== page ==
There are many good ideas here . I moved away from family and friends to yorkshire from the south two years ago ( ok not a foreign country but may as well be ). There are clubs here for everything from the WI to a walking club. Dont forget there are also service clubs , such as the Lions, so you can meet new people and help others too. My personal favourite, CAMRA, meet new people , see new places and sup ale too. Now that really is an idea only an englishman could come up with!

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  6. peacefulyorkshire April 1, 2009 at 9:09 am

    Another one:
    If you haven’t already read Yankeebean’s suggestion about making friends in Britain, her idea about roller-skates is still one of my favourite and hilarious.

  7. Kristy March 22, 2009 at 11:44 am

    I am loving these suggestions too. Thanks for putting it out there.

    And I know it’s not everyone’s cup of tea, but my answer to your question: RELIGION baby! I’m not a very outgoing person, but I’ve been here for a year and a few months and feel very lucky and blessed to have made so made close friends just through the people I meet at church.

  8. yankeebean March 21, 2009 at 10:56 am

    I am LOVING the suggestions on this page! I’m already planning to find a local walking group of some kind (if they have ‘em down here) and maybe take a knitting class, too…

    Because I’m a musician, I might also look for local jam-nights and see if I can meet anyone on the scene. Musicians are usually open and friendly because meeting new people is built-in to the job.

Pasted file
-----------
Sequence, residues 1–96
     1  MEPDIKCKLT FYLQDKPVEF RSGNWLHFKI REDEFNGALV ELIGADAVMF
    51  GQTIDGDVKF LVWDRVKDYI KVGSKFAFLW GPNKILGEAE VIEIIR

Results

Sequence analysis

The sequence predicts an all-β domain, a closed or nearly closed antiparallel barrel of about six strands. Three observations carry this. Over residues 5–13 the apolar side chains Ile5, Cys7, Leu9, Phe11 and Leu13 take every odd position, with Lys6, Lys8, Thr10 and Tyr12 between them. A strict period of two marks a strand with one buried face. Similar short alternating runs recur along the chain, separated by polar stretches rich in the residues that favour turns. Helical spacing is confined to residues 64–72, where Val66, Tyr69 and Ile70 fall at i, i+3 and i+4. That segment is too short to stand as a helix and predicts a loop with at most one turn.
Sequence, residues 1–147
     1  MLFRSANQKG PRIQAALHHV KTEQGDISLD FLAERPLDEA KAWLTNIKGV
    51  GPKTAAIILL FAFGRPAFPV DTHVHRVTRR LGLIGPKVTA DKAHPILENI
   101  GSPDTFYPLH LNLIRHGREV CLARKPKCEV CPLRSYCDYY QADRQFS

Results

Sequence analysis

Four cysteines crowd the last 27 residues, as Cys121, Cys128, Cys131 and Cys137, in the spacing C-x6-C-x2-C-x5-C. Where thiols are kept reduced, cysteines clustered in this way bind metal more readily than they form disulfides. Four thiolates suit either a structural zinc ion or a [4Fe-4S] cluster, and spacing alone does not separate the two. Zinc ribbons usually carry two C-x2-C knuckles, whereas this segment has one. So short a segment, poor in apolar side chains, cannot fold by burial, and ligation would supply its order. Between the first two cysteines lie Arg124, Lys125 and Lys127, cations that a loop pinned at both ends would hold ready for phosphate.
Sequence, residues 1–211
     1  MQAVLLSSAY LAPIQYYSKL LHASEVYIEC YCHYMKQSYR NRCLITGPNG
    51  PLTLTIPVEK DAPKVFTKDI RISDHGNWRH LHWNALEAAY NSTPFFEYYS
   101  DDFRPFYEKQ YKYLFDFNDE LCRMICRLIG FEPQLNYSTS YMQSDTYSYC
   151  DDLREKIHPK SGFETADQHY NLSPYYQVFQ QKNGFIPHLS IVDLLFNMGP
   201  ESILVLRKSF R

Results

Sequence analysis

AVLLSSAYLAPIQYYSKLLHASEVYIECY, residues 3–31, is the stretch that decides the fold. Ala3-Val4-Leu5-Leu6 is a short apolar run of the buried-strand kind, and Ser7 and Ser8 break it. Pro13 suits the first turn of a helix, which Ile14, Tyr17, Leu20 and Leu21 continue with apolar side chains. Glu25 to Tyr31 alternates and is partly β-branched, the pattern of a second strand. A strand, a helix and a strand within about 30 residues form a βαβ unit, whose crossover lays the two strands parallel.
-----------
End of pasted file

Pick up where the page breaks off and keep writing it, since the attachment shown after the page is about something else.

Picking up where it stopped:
I’m gearing up to try these methods first hand in my new surroundings! I’ll keep you posted about the most successful for me personally :)

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  10. Sukey March 21, 2009 at 2:47 am

    Join (or start) a book group. If you cant find an established one with a vacancy, put up a ad in your local library or independent bookshop, asking interested people to phone you. Even if you start with only three people, you will find it will rapidly expand, to the point of having to turn people away. I know, because I did it!

  11. JessicaG March 20, 2009 at 12:12 pm

    Further to the Meet-up group suggestion: I am the organizer of the Americans in Yorkshire Meet-up group. While I will admit I am not always the most creative or organized organizer (!), joining the Meet-up group is one way to meet people! I’ve done a few events so far, with low turnout, but I’m hoping things will pick-up now that better weather is coming (and I am travelling a bit less so will have more time).
    Visit our page on the Meet-up website to email me or get info about our next Meet-up which next Saturday, 28 March in Harrogate!
    So far everyone who’s come to an event has been really friendly and good people. I’ve lived here for four years now, and I can still count the number of good friends I have here on one hand. That’s why I’m trying to put in more of an effort! Next week I am taking my son to Soccatots – I’m going to be a soccer mom! And maybe I’ll meet some British soccermoms. If you have kids, they can be useful for meeting people. ;)

  12. pacificyorkshirebird March 20, 2009 at 8:18 am

    I joined a knitting class and learned a new skill while I met new people. My partner sometimes plays football/soccer (both indoor or outdoor) after work. Usually, your local library will have details of events or groups – once you get involved in one, you start to learn about other things happening in the area.

  13. Wordgoddess March 20, 2009 at 8:05 am